Friday, April 13, 2007

Saga of the Prom Dress - Chapter Two

This project was a labor of love. I love my daughter and I love to sew. I was so excited to make her prom dress. Even though the design was simple, this was the most labor-intensive project I’ve ever done. I used every tool at my disposal including my seldom-used walking foot, which I used to sew the underling to the fashion fabric. I used Bridal Couture by Susan Khalje and Claire Schaeffer’s books as references to augment the directions and include couture techniques. I did lots of basting in making this dress and it really did help. I usually pin baste, but I’m learning to love hand basting. Well, maybe I don't LOVE hand basting, but I certainly see it's advantages. Susan Khalje’s “Sew Much More” influence, I guess. I even basted the lining pieces together! Basting really helped control the slippery lining fabric.

I used many techniques to give the dress a “custom-made”, rather than a “home-made” look. The instructions did not call for underlining, but I included a broadcloth underlining to give the fabric a little more heft. According to Simplicity’s directions, the seam allowances were to serve as casing for the boning. To achieve a couture result, I used Rigilene boning and made casing from wide single fold bias tape that I pressed open, then pressed in half, and finally sewed into a tube.

I sewed the zippers in by hand using a handpicked stitch.

It’s not easy to find a tea length crinoline half-slip. So, to add fullness, I added a net ruffle between the lining and dress. I decided to pleat the net and not gather it. My daughter (who has a lean, athlete's build) is worried about looking fat. Pleats added less fullness than gathers. I placed the net at the bottom of the lining to keep the fullness away from her hips and waist.

I learned so much making this dress.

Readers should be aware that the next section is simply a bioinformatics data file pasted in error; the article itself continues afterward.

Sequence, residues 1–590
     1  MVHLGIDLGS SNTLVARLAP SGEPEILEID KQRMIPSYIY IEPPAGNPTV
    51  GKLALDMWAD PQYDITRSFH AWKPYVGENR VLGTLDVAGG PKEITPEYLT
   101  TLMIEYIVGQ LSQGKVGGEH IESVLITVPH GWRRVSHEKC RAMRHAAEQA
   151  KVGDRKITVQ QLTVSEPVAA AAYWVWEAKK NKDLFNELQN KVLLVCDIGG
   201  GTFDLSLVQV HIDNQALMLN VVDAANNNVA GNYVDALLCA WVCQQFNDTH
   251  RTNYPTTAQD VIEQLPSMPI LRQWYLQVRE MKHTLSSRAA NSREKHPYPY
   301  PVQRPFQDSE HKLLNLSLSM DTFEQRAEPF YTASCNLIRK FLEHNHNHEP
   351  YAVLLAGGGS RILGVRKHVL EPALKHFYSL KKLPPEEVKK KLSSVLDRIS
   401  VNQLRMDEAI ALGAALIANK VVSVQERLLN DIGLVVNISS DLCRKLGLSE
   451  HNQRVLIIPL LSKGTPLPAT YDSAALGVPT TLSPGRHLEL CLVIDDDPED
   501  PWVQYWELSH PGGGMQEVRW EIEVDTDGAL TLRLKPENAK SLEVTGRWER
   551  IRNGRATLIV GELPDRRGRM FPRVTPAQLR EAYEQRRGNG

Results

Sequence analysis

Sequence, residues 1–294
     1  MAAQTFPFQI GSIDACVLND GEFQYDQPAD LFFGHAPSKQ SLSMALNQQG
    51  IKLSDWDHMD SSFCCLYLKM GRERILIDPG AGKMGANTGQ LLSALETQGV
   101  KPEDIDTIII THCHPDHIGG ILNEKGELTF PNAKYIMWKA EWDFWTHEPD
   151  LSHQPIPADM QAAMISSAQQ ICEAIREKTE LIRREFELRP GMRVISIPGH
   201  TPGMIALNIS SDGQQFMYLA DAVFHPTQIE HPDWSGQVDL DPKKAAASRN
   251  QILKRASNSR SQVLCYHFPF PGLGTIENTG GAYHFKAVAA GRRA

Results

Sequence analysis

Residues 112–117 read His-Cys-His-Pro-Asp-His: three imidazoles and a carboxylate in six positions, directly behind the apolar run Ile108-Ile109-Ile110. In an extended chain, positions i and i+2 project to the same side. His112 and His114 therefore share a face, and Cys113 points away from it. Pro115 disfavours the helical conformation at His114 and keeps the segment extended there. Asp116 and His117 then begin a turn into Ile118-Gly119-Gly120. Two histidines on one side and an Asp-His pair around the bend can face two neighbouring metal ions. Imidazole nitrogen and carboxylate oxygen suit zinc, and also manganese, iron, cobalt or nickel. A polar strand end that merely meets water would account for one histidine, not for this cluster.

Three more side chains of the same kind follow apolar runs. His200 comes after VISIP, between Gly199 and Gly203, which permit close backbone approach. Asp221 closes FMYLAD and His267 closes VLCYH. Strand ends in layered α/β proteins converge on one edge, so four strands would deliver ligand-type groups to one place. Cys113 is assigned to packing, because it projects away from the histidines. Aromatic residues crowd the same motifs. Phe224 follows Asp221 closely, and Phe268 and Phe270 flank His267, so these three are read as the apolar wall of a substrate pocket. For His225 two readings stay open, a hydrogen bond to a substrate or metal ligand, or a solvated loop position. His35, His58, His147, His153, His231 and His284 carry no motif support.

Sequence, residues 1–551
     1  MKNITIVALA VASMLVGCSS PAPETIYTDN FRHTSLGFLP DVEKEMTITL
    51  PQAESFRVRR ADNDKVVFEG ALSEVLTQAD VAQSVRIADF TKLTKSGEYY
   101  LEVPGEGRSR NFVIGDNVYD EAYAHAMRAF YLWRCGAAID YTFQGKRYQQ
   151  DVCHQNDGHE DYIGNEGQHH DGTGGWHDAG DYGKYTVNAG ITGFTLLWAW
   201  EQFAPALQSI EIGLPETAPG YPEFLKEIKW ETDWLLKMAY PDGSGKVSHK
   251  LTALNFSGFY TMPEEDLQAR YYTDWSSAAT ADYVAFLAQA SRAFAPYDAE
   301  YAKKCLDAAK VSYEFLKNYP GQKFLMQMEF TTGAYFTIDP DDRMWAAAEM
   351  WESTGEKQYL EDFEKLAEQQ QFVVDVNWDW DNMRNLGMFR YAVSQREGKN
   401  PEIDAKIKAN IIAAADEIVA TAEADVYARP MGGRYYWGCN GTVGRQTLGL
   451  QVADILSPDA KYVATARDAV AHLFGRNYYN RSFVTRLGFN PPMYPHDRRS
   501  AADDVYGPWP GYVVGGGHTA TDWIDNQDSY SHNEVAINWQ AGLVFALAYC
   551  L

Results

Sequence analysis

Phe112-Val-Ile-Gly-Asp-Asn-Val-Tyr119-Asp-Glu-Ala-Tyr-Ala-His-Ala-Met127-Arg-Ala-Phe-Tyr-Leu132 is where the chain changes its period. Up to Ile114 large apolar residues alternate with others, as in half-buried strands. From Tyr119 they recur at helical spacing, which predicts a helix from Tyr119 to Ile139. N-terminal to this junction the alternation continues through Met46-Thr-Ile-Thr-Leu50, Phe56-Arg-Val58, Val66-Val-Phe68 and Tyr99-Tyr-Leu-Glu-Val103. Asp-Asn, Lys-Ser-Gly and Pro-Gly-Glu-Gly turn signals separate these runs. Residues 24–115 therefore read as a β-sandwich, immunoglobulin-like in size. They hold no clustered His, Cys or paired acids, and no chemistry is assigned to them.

1. Muslins are our friends. I could not have done this without one. I used to think they were a waste of time, but I certainly have changed my thinking about muslins.
  2. If I’m going to the trouble of making a muslin, I need to believe what I see. When DD tried on the muslin, it was big. I forgot how much ease is drafted into Big 4 patterns and ignored what I saw because her measurements matched the chart. I ended up having to make a second top because the first one was too big. (Good thing I always buy extra fabric.)
  3. Basting and hand sewing are also our friends. Hand sewn hems, hand-picked zippers, hand basting gave this dress a custom-made couture look.

Throughout my daughter’s life, I've looked forward to certain “Mommy Milestones”. One was getting my first “gift-made-from-macaroni” (in my case, a pencil cup). The most recent Mommy Milestone was making the dress for her first prom. It was an experience I will always remember.


  1. A beautiful dress and a beautiful daughter! Both labors of love. It's been great following your progress on this project. Kudos to you!

  2. The dress looks great! I bet you daughter was very excited to wear it and she looks great too!

  3. Wonderful! I used the Susan Khalje book, too when I made a wedding gown for a friend. I cam to all the same conclusions you did.
    Hand basting is relaxing. Muslins are helpful.
    Congratulations to you and your lovely daughter! She looks beautiful.